When I told my 13-year old nephew that I wanted to start doing voice acting on the side, he told me he also wants to get into it. So then I wondered if kids can be voice actors. I did a bit of research and this is what I found.
Yes, kids can be voice actors and there’s a major demand in US animation and voice acting roles to use “authentic” voices for child characters when possible. Despite that, it’s still common for child characters to be voiced by adult women.
In this article, we’ll look at the specific roles that are being voiced by kid voice actors and what it takes to be successful as a child voice actor.
More and more opportunities for kids, every day
Almost 30 percent of all jobs posted to Voices.com are specifically looking for young voices. That includes child voices, teen voices and young adult voices. There’s lots of opportunity out there for the younger voice actor.
The industry seems to be going back to casting actual children to voice young characters instead of using adults who can sound younger. And the reason for that is that it sounds more authentic.
A child will speak in a way that even a well-trained adult voice actor won’t be able to perfectly copy. And with more and more children going viral on YouTube and TikTok, every day, a few things are happening.
- More and more kids are wanting to become performers and,
- Kids (and adults) are more able to spot the difference between a real child’s voice and an adult acting like a child.
What kind of voice work is available for kids?
The most common types of voiceover and voice acting work for kids are:
- TV commercials
- Radio commercials
- Video games
- Animated shows and TV series
- Foreign language dubbing
- And ADR
Sidebar: Think twice before allowing your child to do voice work for video games. Quite often it’s hard work. I wrote an article about the dangers of voice acting over here. Check it out before committing your child to anything.
Here are some roles that were voiced by real child voice actors:
- Fisher Price’s Little People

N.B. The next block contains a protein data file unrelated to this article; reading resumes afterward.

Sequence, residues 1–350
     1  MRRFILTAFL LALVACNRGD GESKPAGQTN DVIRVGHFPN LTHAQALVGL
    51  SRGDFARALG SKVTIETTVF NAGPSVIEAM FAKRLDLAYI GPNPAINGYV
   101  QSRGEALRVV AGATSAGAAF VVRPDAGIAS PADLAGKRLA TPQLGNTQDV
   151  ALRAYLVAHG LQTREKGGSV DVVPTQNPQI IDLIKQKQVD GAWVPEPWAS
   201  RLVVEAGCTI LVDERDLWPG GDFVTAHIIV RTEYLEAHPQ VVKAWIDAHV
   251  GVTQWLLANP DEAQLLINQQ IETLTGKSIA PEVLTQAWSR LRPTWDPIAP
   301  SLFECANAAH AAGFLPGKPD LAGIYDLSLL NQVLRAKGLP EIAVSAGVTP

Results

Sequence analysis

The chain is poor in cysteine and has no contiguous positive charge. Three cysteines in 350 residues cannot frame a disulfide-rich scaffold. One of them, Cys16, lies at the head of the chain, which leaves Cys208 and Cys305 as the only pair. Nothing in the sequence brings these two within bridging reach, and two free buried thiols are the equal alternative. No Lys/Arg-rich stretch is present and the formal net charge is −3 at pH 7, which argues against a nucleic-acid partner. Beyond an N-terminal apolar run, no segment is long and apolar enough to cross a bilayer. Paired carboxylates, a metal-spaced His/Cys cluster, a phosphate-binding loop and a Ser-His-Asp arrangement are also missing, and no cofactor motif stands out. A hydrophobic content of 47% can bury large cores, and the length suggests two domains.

- The Backyardigans
- Disney’s Palace Pets
- The Peanuts Movie
- Peppa Pig (Peppa Pig is voiced by Harley Bird.)
Now that you know that it’s possible for a child to be a voice actor, you might be wondering what it takes?
What skills do child voice actors need?
The skills that a child voice actor would need are pretty similar to what an adult might need except that some of these skills come more naturally to adults than to children. While other skills here will come more easily to kids.
Kid voice actors should be able to:
1. Improvise on the spot. If a director needs a few different takes on a line, a kid voice actor should be able to come up with some options with very little direction.
2. Speak very well. To be a good voice actor, a child needs to be able to enunciate their words well. They should be pronouncing every consonant and be easily understandable. A child with a speech impediment or a lisp might struggle.
3. Read very well. Voice acting typically involves reading a script. While it’s possible to memorize a script, if changes are made or there’s an entire script rewrite, good reading skills will help a lot.
A good vocabulary will also help so that your child isn’t “tripped up” by the script. Most scripts written for kids will be at their reading level but some might be at a higher reading level.
4. Be able to sit still for a long time. Being physically still is important in a recording studio because the microphones are incredibly sensitive and can pick up clothing rustle. It’s also just a normal part of the job to sit (or stand) for an entire recording session. A recording session for a child might be shorter than for an adult but it’s still a long time (for the average kid) to stay still.
5. NOT be after the fame or glory. Often times there’s not much fame or glory in voice work. Some gigs won’t even result in the voice actors being credits. Even the start of an animated series might not get a name-credit. So a child voice actor has to love the work for the work’s sake. Not for the fame and glory.